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There are moments that change the world, that create seismic shifts in what feels like an instant. The ongoing cycles of COVID pandemic and the fallout of the Russian war in Ukraine have changed the world. These shifts are felt daily in the world of trade, where we’re seeing new widespread adoption of digital solutions to overcome volatility; shortages and lockdown impacts fueling inflation; currency flux; and of course stress on global supply chains. As a result, both government and private organizations around the world are turning to crypto and enterprise ecosystem solutions, powered by blockchain.
Background: digitization of trade under COVID
The onset of COVID increased the urgency of the digitization of trade, and the war in Ukraine ratcheted it up further still. We have learned that digitization alone is not going to prevent goods from being stuck in customs and on vessels for extended periods of time due to problems in processing paperwork. In many cases over the last years, goods could still not be offloaded because the paperwork workflow in those emerging digitized processes still needed to be reconciled between parties in a “manual” manner. While the paperwork had been digitally scanned, it still had to be “signed and stamped” to pass to the next stage of the workflow.
Trade through public ledgers and smart contracts can lower the costs of transacting by its optimum, as the reconciliation step across the trade ecosystem is automated. This capability and agility is critical now given the war in Ukraine. An International Chambers of Commerce report highlighted that with full digitization, global trade could increase by $9 trillion within 5 years, and that trade would grow by 46%. Such reductions in operational costs could drive positive GDP growth and provide small and medium-sized enterprises (SMEs) access to capital and thereby reduce the $1.5 trillion trade finance gap. This access to funding will be critical as part of the rebuilding work in eastern Europe after the war.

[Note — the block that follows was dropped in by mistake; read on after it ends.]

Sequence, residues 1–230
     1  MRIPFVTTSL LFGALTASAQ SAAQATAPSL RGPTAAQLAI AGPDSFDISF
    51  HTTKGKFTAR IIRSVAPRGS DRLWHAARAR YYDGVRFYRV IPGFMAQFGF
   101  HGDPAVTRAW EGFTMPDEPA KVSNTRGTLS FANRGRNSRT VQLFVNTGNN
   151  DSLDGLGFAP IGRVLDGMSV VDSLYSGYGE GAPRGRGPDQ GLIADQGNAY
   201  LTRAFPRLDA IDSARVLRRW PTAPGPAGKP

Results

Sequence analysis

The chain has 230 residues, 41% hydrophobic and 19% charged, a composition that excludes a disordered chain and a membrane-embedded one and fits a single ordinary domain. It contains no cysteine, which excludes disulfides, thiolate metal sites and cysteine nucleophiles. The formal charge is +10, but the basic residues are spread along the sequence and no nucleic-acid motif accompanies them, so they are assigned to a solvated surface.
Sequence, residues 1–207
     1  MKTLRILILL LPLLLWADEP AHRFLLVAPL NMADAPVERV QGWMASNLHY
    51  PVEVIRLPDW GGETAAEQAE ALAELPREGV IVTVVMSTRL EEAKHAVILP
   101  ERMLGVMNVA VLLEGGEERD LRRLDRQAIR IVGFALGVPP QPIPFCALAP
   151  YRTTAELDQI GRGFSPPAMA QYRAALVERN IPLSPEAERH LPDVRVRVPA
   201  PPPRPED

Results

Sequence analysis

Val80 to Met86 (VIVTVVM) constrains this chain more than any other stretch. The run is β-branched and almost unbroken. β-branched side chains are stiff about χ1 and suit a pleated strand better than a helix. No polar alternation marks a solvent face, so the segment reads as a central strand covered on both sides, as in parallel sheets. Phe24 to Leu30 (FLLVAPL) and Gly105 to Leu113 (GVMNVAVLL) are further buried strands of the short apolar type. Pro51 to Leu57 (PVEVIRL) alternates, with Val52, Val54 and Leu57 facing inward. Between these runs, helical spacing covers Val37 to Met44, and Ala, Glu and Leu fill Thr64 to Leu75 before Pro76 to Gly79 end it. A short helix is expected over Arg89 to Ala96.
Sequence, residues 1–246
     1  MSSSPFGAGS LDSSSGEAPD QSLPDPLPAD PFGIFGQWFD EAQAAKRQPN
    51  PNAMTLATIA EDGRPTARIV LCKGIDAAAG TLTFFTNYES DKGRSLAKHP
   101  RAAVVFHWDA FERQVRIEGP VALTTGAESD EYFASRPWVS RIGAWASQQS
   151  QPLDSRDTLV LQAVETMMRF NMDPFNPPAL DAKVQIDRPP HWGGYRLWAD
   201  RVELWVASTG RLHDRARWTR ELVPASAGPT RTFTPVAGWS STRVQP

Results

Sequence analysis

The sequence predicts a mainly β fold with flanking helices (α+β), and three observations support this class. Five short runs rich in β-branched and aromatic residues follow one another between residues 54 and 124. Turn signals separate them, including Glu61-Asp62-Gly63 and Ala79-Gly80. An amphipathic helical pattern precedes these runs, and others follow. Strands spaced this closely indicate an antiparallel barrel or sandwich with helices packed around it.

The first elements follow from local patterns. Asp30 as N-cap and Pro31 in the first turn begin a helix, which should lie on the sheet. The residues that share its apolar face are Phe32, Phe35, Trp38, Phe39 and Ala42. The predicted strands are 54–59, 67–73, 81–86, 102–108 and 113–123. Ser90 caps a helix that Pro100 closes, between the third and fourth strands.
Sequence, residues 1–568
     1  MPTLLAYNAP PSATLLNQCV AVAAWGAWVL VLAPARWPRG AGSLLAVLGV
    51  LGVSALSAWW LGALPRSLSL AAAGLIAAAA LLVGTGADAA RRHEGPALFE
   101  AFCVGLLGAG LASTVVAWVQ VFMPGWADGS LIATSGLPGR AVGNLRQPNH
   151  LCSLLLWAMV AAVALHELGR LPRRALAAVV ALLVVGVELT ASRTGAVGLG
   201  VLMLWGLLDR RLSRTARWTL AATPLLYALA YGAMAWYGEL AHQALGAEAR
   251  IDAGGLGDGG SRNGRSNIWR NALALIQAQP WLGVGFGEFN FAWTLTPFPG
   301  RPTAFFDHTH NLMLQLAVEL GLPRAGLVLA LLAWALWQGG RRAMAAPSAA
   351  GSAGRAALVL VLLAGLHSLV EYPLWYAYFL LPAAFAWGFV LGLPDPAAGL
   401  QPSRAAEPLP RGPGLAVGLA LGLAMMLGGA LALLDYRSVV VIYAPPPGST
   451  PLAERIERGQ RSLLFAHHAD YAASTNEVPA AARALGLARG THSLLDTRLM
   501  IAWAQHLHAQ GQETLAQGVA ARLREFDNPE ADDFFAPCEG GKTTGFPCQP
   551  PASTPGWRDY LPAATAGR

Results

Business outcomes powered by blockchain are not limited to the enterprise. The effect of cryptocurrency acceleration in Russia and Ukraine is notable and reflects the differences between the two countries’ regulatory environments before the invasion.
In Ukraine, whose regulatory environment has sped up acceptance and promotion of digital currency adoption, the government has raised significant funds through NFTs and other cryptocurrency efforts.
In Russia, which lacked this regulatory promotion, there has been limited use of cryptocurrency to transfer funds in or out of the country. In fact, the dependency on the ruble is becoming severe, as international sanctions against Russia now limit the exchange of currencies.
The war shows five wartime advantages for countries that promote cryptocurrency through regulation — advantages that accrue to both a government and its citizens.
Cryptocurrency can improve access to capital during wartime